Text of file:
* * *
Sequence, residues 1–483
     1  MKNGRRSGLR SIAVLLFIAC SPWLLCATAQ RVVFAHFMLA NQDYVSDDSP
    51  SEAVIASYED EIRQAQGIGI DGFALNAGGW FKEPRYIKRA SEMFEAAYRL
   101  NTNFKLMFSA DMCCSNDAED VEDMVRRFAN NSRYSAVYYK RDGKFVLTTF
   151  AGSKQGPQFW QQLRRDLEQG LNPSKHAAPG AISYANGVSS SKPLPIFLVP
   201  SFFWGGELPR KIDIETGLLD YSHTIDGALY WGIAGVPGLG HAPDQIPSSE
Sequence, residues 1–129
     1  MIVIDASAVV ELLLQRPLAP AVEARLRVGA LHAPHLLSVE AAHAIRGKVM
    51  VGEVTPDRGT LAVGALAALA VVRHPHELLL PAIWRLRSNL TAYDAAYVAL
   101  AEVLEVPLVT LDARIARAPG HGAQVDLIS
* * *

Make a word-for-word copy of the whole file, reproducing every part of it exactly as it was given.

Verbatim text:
Sequence, residues 1–483
     1  MKNGRRSGLR SIAVLLFIAC SPWLLCATAQ RVVFAHFMLA NQDYVSDDSP
    51  SEAVIASYED EIRQAQGIGI DGFALNAGGW FKEPRYIKRA SEMFEAAYRL
   101  NTNFKLMFSA DMCCSNDAED VEDMVRRFAN NSRYSAVYYK RDGKFVLTTF
   151  AGSKQGPQFW QQLRRDLEQG LNPSKHAAPG AISYANGVSS SKPLPIFLVP
   201  SFFWGGELPR KIDIETGLLD YSHTIDGALY WGIAGVPGLG HAPDQIPSSE
Sequence, residues 1–129
     1  MIVIDASAVV ELLLQRPLAP AVEARLRVGA LHAPHLLSVE AAHAIRGKVM
    51  VGEVTPDRGT LAVGALAALA VVRHPHELLL PAIWRLRSNL TAYDAAYVAL
   101  AEVLEVPLVT LDARIARAPG HGAQVDLIS